Separate heat maps were drawn to show association between blackleg scores and glucosinolate contents or expression of genes using conditional formatting option in Microsoft Excel. Pearson correlation coefficient was estimated between glucosinolate content and expression of biosynthesis genes in 16 treatment × genotype combinations (Supplementary Appendix 1).
Resistance of Adult Cabbage Lines to L. maculans Infection
Inoculation of cabbage leaves with two L. maculans isolates resulted in different responses in different lines, based on visual scoring of blackleg disease symptoms (Table 1). Of the eight total combinations of four cabbage genotypes and two isolates (as shown in Table 1) only one combination, BN4303 × 00-100s, exhibited complete resistance, with the lowest visual score of 2 (range 1–3). The combinations of BN4303 × 03–02 s (score range 3–5) and BN4098 × 00–100s (score range 4–6) showed moderate resistance. BN4098, which exhibited moderate resistance to isolate 00–100 s, was susceptible to isolate 03–02 s (score range 6–8). Lines BN4072 and BN4059 were susceptible to both isolates, with the latter being highly susceptible to both isolates (Table 1). Overall, line BN4303 was the most resistant, as it showed complete resistance to isolate 00–100 s and moderate resistance to 03–02 s, whereas BN4098 showed moderate resistance only to isolate 00–100 s and the other two lines were susceptible.
Table 1. Resistance scoring of four cabbage lines at three months of age (adult stage) against two L. maculans isolates “03–02 s” and “00–100 s” 15-days post-inoculation.
Constitutive Glucosinolate Contents Vary in Cabbage Inbred Lines
In untreated control plants, levels of both aliphatic and indolic glucosinolates varied significantly between the four cabbage lines (Figure 2, Supplementary excel data file). Among the control plants, BN4059, the most susceptible cabbage line, had the highest total levels of glucosinolates while BN4303, the most resistant line, had the lowest total levels (Figure S3). PRO was found only in BN4059, which also had the highest levels of aliphatic glucoiberin (GIB), sinigrin (SIN), and glucoiberverin (GIV), but no glucoerucin (GER). BN4059 also had the highest levels of indolic GBS and MGBS, but no NGBS. Notably, BN4303 had the lowest levels of SIN between the four lines. Hydroxy-glucobrassicin (HGBS), another indolic glucosinolate, was detected only in untreated control plants of the BN4098 line (Figure S3).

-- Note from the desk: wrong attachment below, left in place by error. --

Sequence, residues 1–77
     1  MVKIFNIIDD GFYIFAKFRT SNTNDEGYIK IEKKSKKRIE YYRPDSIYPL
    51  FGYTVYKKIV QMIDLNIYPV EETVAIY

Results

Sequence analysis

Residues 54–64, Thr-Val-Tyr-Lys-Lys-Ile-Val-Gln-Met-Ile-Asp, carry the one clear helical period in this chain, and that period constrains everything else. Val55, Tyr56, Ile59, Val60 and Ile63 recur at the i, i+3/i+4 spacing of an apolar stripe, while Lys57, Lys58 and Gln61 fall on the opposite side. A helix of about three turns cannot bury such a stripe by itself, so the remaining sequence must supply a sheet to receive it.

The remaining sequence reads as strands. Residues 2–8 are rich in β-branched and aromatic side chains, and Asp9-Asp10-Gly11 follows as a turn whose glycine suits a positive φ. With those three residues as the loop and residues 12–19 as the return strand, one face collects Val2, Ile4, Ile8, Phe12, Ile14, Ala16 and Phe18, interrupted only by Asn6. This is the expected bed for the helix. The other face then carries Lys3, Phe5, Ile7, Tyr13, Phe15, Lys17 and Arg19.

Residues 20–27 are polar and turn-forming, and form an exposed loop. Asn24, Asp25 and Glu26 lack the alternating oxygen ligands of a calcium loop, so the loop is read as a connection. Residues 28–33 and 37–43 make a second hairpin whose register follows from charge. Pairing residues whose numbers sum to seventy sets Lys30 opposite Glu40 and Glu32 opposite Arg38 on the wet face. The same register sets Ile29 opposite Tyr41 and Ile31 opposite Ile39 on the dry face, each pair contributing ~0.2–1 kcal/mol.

Figure 2. Glucosinolate contents of leaf samples from the four cabbage lines (BN4059, BN4072, BN4098, and BN4303) under four different treatments (control, mock, inoculation with 03–02 s or 00–100 s) four days after inoculation. Detection limit of glucosinolates was 0.025 μmol g−1 DW. The mean of three biological replicates is presented. Vertical bars indicate standard error of mean. Different letters indicate statistically significant differences between genotype × treatment combinations. Upward-pointing blue arrows indicate increased glucosinolate content in response to L. maculans infection.
L. maculans Inoculation Alters the Glucosinolate Profile of Adult Cabbage Plants
Inoculation of 3-month-old cabbage plants with either of the two L. maculans fungal isolates remarkably changed the glucosinolate profiles in leaves of the fully and moderately resistant cabbage lines. The content of aliphatic GIV increased significantly in BN4303 in response to both fungal isolates while it decreased or was not produced in the susceptible genotypes BN4059 and BN4072 (Figure 2). In the resistant line BN4303, levels of GIV increased by 2.77- and 4.14-fold four days after inoculation with 03–02 s and 00–100 s, respectively compared to mock-treated plants (Figure 2). By contrast, in the most susceptible line BN4059, GIV levels decreased 3.72- and 6.28-fold following fungal inoculation with 03-02s and 00-100s, respectively, compared to mock-treated plants (Figure 2).
Infection with 00–100 s induced the accumulation of glucoerucin (GER) in the resistant line BN4303; no GER was detected in control plants (Figure 2). The most susceptible line, BN4059, did not produce any glucoerucin (GER). Other notable changes in aliphatic glucosinolates were (i) a 3- to 8-fold decrease in progoitrin (PRO) levels in mock-treated and fungal-inoculated plants in the susceptible cabbage line BN4059 compared to the untreated plants, indicating that PRO levels are sensitive to both leaf injury and fungal attack; (ii) accumulation of gluconapin (GNA) in BN4072 in response to 03–02 s infection and (iii) an increase in GER in mock-treated BN4303 plants compared to the untreated plants, indicating that GER levels are also sensitive to both leaf injury and fungal attack (as GER levels further increased in the same line upon 00–100 inoculation).
After inoculation of BN4303 with 00–100 s, levels of glucobrassicin (GBS) and neoglucobrassicin (NGBS) increased by 2.65- and 3.64-fold, respectively, compared to the mock-treated plants (Figure 2). Upon infection of the moderately resistant line BN4098 with 00–100 s, levels of GBS and methoxy-glucobrassicin (MGBS) increased by 2.28- and 2.13-fold compared to the mock-treated plants, respectively (Figure 2).